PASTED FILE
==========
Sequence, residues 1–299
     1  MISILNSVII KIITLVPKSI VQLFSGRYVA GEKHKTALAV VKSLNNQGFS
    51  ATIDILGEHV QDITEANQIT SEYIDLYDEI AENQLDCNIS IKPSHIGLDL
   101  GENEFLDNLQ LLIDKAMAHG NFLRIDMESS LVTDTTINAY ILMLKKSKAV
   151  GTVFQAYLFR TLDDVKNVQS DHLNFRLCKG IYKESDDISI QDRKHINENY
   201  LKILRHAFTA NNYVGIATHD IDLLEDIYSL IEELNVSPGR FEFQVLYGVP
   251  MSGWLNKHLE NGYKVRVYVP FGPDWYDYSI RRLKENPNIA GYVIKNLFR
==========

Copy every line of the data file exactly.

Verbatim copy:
Sequence, residues 1–299
     1  MISILNSVII KIITLVPKSI VQLFSGRYVA GEKHKTALAV VKSLNNQGFS
    51  ATIDILGEHV QDITEANQIT SEYIDLYDEI AENQLDCNIS IKPSHIGLDL
   101  GENEFLDNLQ LLIDKAMAHG NFLRIDMESS LVTDTTINAY ILMLKKSKAV
   151  GTVFQAYLFR TLDDVKNVQS DHLNFRLCKG IYKESDDISI QDRKHINENY
   201  LKILRHAFTA NNYVGIATHD IDLLEDIYSL IEELNVSPGR FEFQVLYGVP
   251  MSGWLNKHLE NGYKVRVYVP FGPDWYDYSI RRLKENPNIA GYVIKNLFR